As the Buddha said, learning how to deal with the process of distraction can take you all the way to arahantship, when you’ve really mastered how to do it, when you’re really good at it. This is a lot of what the Buddha’s teachings are like: just very simple techniques, very simple things to do with the mind, and the unexpected realizations that come up in the course of doing the technique.

This is one of the reasons why you can’t map out the ways of the mind. At the same time, though, you can’t think that blindly following the instructions in the meditation is going to be enough. You’ve got to be as observant as possible, all around.

That’s why we say sometimes, “You’ve got to play with the meditation.”

You’ve got to have a sense of experimentation because often times the things you catch out of the corner of your eye as you’re working with a technique are the important realizations. Those are the things that make a real difference.

So when you sit down and meditate – even though you’ve seen the steps of the path laid out, you may have a general idea of what it’s all about and where it’s going – still, you’ve got to put that knowledge aside. We’re here training the mind, and yet the mind is both trainer and trainee. The map is for the trainer side of the mind—just so you know in general where you’re headed, where you’re going—but when the mind itself is being trained you have to put the map aside and just see what’s right there in the present as it comes up. And in the course of dealing with the practice, a lot of unexpected things do come up, and you have to be ready for them, notice them as they come.

So stick with your basic technique, but keep your range of vision broad.

And don’t try to define things too heavily in advance. The purpose of the meditation is to become more and more familiar with the ways of the mind. The knowledge that comes with familiarity goes very deep but it comes in little increments. It’s like getting to know a person. You can’t just walk up to someone and smile and shake hands and become friends. You can be friendly at the beginning, but actually becoming friends takes time – to get to know the person’s strengths and weaknesses, sense of humor, the things you can trust him on, the things you can’t trust him on. All these forms of knowledge come in a very indirect way. When unexpected events arise and you begin to see that person in a different light—how he behaves in an emergency, how he behaves when you’re in trouble: This is how you get to know the other person. It takes time.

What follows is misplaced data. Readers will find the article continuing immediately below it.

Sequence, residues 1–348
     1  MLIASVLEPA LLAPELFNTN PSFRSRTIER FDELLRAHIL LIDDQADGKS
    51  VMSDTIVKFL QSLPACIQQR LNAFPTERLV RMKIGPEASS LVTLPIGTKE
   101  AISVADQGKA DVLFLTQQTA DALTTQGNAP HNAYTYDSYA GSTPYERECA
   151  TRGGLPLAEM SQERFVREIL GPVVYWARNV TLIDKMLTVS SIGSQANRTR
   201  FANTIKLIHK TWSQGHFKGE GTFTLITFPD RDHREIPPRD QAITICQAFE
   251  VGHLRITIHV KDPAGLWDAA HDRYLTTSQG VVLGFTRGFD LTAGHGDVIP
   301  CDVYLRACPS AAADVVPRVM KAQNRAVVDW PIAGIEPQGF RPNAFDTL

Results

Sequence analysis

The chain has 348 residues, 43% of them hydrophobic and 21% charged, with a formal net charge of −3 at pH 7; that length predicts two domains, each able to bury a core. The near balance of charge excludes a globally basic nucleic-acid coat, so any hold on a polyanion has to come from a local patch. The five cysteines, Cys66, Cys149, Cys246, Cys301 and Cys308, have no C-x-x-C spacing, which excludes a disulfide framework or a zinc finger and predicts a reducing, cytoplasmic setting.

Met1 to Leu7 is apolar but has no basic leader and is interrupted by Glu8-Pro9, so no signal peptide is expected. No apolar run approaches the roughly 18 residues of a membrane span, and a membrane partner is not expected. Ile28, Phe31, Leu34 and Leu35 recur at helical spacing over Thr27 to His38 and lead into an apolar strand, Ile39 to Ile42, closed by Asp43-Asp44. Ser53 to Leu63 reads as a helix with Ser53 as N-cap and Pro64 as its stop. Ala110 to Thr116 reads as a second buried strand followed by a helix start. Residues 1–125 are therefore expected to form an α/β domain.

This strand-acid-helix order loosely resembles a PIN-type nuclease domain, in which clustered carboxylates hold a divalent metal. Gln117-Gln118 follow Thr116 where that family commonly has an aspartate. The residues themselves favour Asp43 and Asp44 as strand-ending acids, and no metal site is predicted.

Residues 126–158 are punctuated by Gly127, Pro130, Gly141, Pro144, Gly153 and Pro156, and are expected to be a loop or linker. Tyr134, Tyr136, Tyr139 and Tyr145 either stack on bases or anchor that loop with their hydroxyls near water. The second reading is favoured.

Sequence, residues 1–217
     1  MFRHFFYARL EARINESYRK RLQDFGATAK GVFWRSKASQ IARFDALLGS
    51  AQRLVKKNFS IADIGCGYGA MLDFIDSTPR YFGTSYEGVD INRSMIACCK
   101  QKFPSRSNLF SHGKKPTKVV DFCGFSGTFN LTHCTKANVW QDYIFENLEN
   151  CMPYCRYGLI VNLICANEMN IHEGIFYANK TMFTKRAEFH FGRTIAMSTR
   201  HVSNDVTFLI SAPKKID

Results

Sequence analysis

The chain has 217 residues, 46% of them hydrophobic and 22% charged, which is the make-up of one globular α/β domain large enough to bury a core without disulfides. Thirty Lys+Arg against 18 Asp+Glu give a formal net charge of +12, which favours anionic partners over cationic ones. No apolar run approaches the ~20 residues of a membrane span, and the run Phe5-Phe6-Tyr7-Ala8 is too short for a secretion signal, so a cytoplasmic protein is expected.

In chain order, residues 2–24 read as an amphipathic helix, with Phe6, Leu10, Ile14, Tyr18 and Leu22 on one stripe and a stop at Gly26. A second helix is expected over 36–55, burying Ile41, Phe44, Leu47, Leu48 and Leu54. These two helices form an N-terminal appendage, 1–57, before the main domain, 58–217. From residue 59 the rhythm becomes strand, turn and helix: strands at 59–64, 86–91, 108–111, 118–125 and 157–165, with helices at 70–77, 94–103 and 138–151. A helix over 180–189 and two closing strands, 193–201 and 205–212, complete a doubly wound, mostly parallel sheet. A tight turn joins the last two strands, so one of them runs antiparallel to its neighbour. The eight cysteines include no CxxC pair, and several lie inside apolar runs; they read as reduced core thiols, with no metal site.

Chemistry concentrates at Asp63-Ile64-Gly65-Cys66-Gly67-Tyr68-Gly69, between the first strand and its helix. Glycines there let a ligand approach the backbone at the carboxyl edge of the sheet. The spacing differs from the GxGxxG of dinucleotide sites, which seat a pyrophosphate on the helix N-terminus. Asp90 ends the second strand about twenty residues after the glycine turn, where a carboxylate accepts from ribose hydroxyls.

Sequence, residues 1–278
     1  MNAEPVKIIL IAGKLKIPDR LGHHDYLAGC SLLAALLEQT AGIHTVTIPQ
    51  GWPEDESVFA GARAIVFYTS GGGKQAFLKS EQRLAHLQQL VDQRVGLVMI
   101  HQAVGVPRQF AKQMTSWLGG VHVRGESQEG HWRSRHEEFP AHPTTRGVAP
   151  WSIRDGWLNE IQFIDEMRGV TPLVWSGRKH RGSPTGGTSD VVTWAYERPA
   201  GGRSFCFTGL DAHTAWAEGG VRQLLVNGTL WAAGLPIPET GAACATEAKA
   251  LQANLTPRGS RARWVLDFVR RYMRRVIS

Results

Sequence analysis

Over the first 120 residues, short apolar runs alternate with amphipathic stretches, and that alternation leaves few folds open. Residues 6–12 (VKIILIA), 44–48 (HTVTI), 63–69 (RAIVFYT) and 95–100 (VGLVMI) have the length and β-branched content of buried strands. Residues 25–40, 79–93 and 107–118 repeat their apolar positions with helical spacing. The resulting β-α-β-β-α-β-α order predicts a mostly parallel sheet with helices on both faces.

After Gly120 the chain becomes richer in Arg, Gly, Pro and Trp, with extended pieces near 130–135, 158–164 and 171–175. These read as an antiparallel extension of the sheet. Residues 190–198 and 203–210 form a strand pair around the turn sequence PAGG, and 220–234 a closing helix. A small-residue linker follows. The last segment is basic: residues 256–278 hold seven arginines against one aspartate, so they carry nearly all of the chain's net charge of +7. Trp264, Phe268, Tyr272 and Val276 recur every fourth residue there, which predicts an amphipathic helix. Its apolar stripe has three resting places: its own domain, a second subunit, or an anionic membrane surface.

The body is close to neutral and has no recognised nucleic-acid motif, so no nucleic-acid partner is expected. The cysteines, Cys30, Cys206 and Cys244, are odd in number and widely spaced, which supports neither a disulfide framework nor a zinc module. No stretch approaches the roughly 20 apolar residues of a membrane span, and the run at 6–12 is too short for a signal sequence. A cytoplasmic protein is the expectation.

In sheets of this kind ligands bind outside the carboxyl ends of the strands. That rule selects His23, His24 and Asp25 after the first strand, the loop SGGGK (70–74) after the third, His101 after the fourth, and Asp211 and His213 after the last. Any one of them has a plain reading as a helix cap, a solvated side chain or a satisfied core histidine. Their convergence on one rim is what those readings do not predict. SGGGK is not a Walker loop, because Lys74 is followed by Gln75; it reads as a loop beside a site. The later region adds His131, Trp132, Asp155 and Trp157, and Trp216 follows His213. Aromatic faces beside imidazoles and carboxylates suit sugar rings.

The same with the mind. You focus on the basic technique of keeping with the breath, and eventually you stumble over some really important veins in the mind. They may be veins of gold, veins of diamond, or an old layer of garbage that got laid down sometime way back in the past. But the basic technique is just being here, being observant, watching what happens, and the things will come out layer by layer by layer as they were laid down.

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Dhamma Talks vol. I, Dhamma Talks, vol. I

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About the author 

Sean Fargo

Sean Fargo is the Founder of Mindfulness Exercises, a former Buddhist monk of 2 years, a trainer for the mindfulness program born at Google, an Integral Coach from New Ventures West, and an international mindfulness teacher trainer. He can be reached at [email protected]